When I open my heart, just a little, reality changes. The colour comes back to the world and the warmth comes into my body.  I see you for your infinite potential, and it reminds me who I am too. That shift can happen in a moment, in the tunnel between Russell Square and Holborn.

When we love – -when we open our heart just a fraction to another being, to our relatives, our neighbours, our co-workers, that angry woman on the tube, to those suffering this Christmas alone, in hospitals, in prisons, in mental asylums, in cages, in abattoirs, in refugee camps, in fear of violence, frozen in addiction, lost in false stories of their own worthlessness – when we open our hearts in love, we glimpse what we can become, and who we really are.

Gay Pride shows how Christian our culture still is

It was when I took the escalator in Tottenham Court Road station that I realized quite how much Gay Pride has been embraced as a national festival. The entire tube station was festooned in rainbow colours, like a SuperMarioKart racetrack. Outside, a huge sign read Love is Love.

Can you imagine a tube station blaring out any other social or ethical message to the same extent? Equal pay for women? Care for the environment? Love of God? I realized that Gay Pride / LGBTQ rights has gone in 50 years from being a very marginal and unpopular issue, to being a foundational dogma of our secular, liberal society.

It’s no longer one view among many views which a reasonable person might hold (like being a carnivore or supporting prison reform). It has been taken out of the forum of debate, and become part of the main code of our culture, un-editable.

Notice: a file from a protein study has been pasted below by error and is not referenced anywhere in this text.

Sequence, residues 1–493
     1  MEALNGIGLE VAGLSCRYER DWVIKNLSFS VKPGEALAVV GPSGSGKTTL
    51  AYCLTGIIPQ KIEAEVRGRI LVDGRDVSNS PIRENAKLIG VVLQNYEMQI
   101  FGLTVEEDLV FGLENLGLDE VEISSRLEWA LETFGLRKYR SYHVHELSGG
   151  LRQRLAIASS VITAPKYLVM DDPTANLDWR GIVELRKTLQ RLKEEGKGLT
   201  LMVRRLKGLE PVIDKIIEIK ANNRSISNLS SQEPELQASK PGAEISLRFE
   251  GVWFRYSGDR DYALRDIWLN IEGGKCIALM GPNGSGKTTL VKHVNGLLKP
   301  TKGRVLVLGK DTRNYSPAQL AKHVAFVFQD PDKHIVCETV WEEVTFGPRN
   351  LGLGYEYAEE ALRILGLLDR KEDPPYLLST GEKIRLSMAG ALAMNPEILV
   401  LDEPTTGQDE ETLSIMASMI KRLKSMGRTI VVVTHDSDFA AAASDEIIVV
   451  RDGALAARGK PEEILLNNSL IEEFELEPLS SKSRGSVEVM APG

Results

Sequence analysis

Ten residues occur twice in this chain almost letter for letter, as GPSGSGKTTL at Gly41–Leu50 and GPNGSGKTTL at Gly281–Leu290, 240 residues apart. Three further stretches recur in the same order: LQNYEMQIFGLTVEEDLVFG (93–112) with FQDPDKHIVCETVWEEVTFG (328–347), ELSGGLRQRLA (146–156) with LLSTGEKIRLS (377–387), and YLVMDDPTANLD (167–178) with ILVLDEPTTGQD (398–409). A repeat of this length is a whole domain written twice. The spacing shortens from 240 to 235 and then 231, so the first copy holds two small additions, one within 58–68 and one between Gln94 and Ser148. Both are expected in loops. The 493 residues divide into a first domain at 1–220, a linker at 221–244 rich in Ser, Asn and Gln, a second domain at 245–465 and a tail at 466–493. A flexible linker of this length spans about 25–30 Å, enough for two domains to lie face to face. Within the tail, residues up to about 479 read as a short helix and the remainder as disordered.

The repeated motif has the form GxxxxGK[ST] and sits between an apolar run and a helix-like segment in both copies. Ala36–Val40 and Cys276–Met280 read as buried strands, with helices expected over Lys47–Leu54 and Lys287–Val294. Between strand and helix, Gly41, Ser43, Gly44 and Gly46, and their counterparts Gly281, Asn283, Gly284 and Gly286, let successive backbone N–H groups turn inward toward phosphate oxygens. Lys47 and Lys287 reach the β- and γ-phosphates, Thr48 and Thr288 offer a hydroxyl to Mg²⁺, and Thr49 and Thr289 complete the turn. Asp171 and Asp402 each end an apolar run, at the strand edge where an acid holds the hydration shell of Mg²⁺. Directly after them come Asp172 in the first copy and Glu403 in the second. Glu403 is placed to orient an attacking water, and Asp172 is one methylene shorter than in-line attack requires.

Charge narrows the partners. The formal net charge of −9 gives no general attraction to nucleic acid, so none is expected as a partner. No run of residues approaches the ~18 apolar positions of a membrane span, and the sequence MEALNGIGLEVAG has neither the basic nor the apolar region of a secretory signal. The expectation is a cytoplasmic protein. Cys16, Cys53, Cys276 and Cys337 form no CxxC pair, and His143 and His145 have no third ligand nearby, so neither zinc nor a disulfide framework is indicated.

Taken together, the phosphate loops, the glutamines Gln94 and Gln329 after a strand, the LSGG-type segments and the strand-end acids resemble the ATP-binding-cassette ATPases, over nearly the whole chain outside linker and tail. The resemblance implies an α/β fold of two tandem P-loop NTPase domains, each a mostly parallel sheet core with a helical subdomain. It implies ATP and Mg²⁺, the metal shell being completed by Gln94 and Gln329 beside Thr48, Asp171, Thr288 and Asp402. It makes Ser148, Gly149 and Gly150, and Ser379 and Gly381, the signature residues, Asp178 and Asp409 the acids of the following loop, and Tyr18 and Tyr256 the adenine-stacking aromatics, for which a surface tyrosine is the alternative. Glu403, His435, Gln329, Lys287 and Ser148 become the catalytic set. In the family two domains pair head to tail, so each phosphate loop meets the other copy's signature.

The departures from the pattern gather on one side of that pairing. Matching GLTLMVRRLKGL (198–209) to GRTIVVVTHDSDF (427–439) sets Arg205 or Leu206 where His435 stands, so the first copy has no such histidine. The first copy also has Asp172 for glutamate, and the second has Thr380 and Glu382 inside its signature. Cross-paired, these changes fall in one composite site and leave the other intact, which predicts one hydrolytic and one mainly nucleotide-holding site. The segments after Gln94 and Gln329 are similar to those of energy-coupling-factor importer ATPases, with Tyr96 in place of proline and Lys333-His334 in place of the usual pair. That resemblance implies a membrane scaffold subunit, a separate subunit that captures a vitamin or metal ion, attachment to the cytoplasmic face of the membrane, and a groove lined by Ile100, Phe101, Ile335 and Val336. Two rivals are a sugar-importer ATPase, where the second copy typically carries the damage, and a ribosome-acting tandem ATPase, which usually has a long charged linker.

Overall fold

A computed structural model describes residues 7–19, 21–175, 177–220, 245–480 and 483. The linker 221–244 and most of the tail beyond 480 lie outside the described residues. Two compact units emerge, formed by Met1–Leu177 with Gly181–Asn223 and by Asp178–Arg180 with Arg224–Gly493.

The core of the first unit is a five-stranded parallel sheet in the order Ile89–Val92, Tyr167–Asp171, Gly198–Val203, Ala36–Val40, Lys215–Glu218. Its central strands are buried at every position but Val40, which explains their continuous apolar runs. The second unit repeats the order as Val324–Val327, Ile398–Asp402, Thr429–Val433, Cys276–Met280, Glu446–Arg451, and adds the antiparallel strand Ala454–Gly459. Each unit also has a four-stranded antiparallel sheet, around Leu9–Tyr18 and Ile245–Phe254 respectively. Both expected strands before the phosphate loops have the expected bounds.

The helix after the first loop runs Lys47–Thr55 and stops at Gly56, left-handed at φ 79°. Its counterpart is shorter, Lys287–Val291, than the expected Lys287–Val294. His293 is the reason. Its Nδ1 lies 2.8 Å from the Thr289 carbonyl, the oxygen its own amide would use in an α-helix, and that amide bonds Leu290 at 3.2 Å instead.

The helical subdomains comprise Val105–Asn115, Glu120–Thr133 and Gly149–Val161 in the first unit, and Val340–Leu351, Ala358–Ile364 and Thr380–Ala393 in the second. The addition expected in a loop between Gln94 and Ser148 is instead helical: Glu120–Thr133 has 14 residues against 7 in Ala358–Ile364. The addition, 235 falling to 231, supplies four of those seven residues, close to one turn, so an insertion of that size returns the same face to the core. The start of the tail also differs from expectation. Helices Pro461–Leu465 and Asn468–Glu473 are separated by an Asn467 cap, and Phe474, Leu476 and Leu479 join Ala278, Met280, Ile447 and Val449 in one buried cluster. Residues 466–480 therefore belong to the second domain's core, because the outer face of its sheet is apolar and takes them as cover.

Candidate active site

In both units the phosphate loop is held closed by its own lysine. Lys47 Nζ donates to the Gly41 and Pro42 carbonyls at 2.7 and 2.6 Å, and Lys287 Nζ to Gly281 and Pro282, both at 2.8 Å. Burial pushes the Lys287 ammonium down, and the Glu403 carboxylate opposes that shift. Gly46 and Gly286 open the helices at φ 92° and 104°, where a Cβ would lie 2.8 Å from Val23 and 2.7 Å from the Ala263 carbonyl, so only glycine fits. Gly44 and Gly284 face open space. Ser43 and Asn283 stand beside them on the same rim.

50 years ago, a handful of brave politicians stuck their neck out to campaign for the de-criminalization of homosexuality, and did so only by insisting sick deviants deserved pity rather than prison.

Today, Gay Pride has official government support – a friend from Number 10 told me the prime minister must make a supportive speech on Pride, as she must on Eid, Easter, Diwali and Chanukah. If an MP or councillor suggests homosexuality is not natural or acceptable then, like Tim Farron, they’re unlikely to be in frontline politics for long.

Other pillars of the establishment hoist the rainbow flag: the foreign office, the police force, the fire service, the army, the NHS, the British Museum, the National Trust. The BBC commissioned a series of programmes, Gay Britannia. I’m surprised we don’t drop rainbow bombs on ISIS.

If you’re one of the 12-25% of the population who still believe homosexuality should not be accepted, or who disapprove of gay marriage, you may be miffed. You may think the secular, liberal state isn’t really neutral, that your opinion has been declared invalid and illegal.